Forgot Password?
Once registered, you can:
By registering you agree to our privacy policy, terms & conditions and to receive occasional emails from Ad Age. You may unsubscribe at any time.
Are you a print subscriber? Activate your account.
By Ad Age Staff – 4 sec ago
By Parker Herren – 17 min 41 sec ago
By Ann-Christine Diaz – 17 min 41 sec ago
By Ann-Christine Diaz – 17 min 41 sec ago
By Brian Bonilla – 17 min 41 sec ago
By Asa Hiken – 1 day 10 hours ago
By Marcus Liwag – 1 day 9 hours ago
By Adrianne Pasquarelli – 1 day 10 hours ago
By Asa Hiken – 23 hours 8 min ago
By Adrianne Pasquarelli – 1 day 10 hours ago
By Brian Bonilla – 1 day 6 hours ago
By Garett Sloane – 1 day 6 hours ago
By Alexandra Jardine – 1 day ago
Amid the steady bustle of shoppers roaming a SoHo street in Manhattan on Monday morning, a strange sight unfurled: a crowd of protesters carrying signs reading “God Hates NFTs,” “Crypto Is A Sin” and other anti-crypto slogans, while chanting in unison, “N-F-T! Not for me!”
Despite eerily resembling a picket by the hate group Westboro Baptist Church, which often uses the “God Hates” phrasing, the effort was not, in fact, a protest. Rather, it was a marketing stunt staged by streetwear brand The Hundreds. 
“We orchestrated the whole thing,” Bobby Kim, a.k.a Bobby Hundreds, told Ad Age. Kim is a co-founder of The Hundreds, which is hosting a week of events in New York for its popular NFT collection, Adam Bomb Squad. The programming coincides with the annual NFT.NYC conference scheduled for June 20-23.  
The fake protest was designed to inject some levity into what has otherwise been a tumultuous crypto and NFT marketplace as of late. 
A video of the stunt orchestrated by The Hundreds went viral after Kim posted it to Twitter, showing the throng yelling outside a pop-up shop that Adam Bomb Squad was hosting on Grand Street. Kim didn’t provide a caption or an indication of whether the protest was real or fake, enticing people in the comments section to argue. Some proclaimed the brand’s marketing prowess, while more credulous users detested the over-the-top critiques of crypto haters.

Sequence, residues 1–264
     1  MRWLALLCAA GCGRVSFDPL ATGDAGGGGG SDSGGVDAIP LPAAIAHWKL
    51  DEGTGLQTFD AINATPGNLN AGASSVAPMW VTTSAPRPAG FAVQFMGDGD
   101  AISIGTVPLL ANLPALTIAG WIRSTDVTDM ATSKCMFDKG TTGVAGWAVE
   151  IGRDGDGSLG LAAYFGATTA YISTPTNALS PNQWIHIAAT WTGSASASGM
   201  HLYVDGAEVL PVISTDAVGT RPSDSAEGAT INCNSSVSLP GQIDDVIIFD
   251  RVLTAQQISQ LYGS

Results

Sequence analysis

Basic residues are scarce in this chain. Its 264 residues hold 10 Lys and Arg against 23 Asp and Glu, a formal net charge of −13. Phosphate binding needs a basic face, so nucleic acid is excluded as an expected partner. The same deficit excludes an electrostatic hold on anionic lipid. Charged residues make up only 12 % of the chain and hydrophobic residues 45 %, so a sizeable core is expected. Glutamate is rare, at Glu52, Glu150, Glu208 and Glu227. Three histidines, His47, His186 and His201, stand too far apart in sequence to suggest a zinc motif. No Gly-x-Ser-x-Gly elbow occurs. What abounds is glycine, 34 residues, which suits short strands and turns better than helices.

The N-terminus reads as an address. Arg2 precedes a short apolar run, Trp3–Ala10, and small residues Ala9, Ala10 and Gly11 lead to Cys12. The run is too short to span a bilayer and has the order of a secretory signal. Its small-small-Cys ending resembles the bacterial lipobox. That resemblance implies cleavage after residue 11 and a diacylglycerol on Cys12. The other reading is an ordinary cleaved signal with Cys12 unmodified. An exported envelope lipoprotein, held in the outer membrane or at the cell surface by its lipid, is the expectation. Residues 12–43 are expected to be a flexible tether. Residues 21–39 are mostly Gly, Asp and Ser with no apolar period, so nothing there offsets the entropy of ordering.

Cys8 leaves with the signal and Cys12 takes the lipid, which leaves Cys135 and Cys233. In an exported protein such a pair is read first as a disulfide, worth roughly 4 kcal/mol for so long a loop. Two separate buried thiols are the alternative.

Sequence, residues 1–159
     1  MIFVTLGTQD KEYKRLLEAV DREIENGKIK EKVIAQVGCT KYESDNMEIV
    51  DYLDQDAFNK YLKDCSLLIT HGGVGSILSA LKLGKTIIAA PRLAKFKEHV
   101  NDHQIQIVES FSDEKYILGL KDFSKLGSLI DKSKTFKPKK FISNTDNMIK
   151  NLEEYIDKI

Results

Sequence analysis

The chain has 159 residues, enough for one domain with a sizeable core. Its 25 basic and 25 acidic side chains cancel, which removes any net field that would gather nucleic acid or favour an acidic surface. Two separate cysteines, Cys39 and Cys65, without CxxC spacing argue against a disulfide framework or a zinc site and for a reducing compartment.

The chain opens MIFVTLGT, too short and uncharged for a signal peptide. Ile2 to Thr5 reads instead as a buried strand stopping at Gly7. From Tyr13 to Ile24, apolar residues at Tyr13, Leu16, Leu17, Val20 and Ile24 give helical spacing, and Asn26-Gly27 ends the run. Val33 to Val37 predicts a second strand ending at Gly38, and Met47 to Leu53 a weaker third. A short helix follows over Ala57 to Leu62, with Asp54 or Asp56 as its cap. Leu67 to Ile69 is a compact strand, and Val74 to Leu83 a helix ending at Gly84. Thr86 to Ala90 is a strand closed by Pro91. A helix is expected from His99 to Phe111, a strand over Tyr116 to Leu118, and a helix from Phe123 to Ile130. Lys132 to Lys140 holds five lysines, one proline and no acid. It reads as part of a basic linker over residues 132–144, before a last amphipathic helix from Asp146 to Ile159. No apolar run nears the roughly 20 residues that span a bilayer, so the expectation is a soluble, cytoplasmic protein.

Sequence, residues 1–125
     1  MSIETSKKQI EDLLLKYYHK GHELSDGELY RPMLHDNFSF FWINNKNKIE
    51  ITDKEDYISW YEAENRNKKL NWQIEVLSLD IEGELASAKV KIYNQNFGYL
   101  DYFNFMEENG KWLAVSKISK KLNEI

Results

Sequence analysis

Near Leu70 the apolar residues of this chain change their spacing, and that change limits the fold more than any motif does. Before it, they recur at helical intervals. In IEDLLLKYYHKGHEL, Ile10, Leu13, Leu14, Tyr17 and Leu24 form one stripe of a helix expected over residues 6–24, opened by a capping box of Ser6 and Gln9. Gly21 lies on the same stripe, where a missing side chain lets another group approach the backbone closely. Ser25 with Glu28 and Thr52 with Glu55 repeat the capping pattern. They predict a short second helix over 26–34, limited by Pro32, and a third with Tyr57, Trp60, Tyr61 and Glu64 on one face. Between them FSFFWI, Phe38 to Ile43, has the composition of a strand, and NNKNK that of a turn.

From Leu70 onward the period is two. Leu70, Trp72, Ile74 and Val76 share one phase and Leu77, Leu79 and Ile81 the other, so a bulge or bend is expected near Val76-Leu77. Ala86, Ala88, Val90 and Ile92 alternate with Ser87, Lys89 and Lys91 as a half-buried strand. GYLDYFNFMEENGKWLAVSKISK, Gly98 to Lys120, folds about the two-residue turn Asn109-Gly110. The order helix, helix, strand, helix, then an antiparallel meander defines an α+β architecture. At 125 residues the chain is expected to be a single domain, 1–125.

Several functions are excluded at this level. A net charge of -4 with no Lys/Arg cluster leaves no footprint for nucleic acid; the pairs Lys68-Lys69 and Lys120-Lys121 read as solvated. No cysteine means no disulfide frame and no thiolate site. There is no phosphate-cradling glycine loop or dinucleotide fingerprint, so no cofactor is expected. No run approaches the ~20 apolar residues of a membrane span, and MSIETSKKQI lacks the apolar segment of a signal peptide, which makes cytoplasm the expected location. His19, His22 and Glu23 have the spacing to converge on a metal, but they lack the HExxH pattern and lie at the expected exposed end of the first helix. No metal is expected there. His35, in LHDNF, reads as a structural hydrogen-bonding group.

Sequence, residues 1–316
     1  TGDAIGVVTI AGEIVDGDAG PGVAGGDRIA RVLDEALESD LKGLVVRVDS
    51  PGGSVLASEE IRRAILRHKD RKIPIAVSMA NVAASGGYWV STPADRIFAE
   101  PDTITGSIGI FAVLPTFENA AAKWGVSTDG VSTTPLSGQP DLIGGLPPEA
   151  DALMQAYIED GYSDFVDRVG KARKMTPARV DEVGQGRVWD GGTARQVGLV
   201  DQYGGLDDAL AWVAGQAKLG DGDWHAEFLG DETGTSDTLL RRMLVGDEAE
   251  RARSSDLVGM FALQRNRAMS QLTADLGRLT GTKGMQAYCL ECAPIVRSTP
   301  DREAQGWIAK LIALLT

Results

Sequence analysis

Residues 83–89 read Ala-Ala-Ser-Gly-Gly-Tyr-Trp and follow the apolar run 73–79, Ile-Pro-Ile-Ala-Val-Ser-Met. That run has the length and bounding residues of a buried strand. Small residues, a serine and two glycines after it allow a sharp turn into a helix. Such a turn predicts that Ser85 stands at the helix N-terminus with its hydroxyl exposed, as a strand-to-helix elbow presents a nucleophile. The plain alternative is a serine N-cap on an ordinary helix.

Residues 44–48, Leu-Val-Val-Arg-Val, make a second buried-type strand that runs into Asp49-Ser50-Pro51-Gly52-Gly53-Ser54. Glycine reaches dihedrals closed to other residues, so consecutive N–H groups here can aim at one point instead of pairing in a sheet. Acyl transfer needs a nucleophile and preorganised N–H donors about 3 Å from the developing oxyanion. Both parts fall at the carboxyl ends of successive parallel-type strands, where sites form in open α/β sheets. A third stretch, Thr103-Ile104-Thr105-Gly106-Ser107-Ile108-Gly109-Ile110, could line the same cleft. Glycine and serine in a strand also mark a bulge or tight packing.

Kim has still not revealed on social media that the protest is a stunt. As for the creative process, everything was done in-house: Kim came up with the slogans, and actors were hired to be the protesters. They are scheduled to march tomorrow as well, around 4 p.m. EDT, with all the same fervor and signage, including messages to “Ban Adam Bomb Squad,” and that “Vitalik Is The Anti-Christ” (a nod to Ethereum co-founder Vitalik Buterin). 
This is not the first time The Hundreds, which was founded in 2003, has used marketing to troll on a grand scale. For last year’s NFT.NYC conference, the brand took out a billboard in Times Square that read “NFTs are a scam,” and printed t-shirts with the slogan. 
“I find the line between the skeptics and the devotees to be really interesting within crypto,” Kim said. “Nobody wants to go near this debate.”
The conversation around crypto has intensified lately as the crypto and NFT markets have experienced downswings that have eroded substantial value. Failures of certain tokens and financial protocols have lost billions of users’ money within the past month, stoking some to say the U.S. government should pass legislation on the speculative space.
While the problems surrounding the space are serious, the message at the heart of The Hundreds’ stunt is humorous, intended to provide a laugh for people who probably need one. 
“I think people need to just let off the steam,” said Kim. “Let’s not take this so seriously, we’re all having fun. Let’s just be hopeful.”
In this article:
Asa Hiken is a technology reporter covering digital marketing, social media platforms and innovation. A graduate of Northwestern University, he joined Ad Age after writing for Marketing Dive, where he focused on the alcohol space and digital privacy.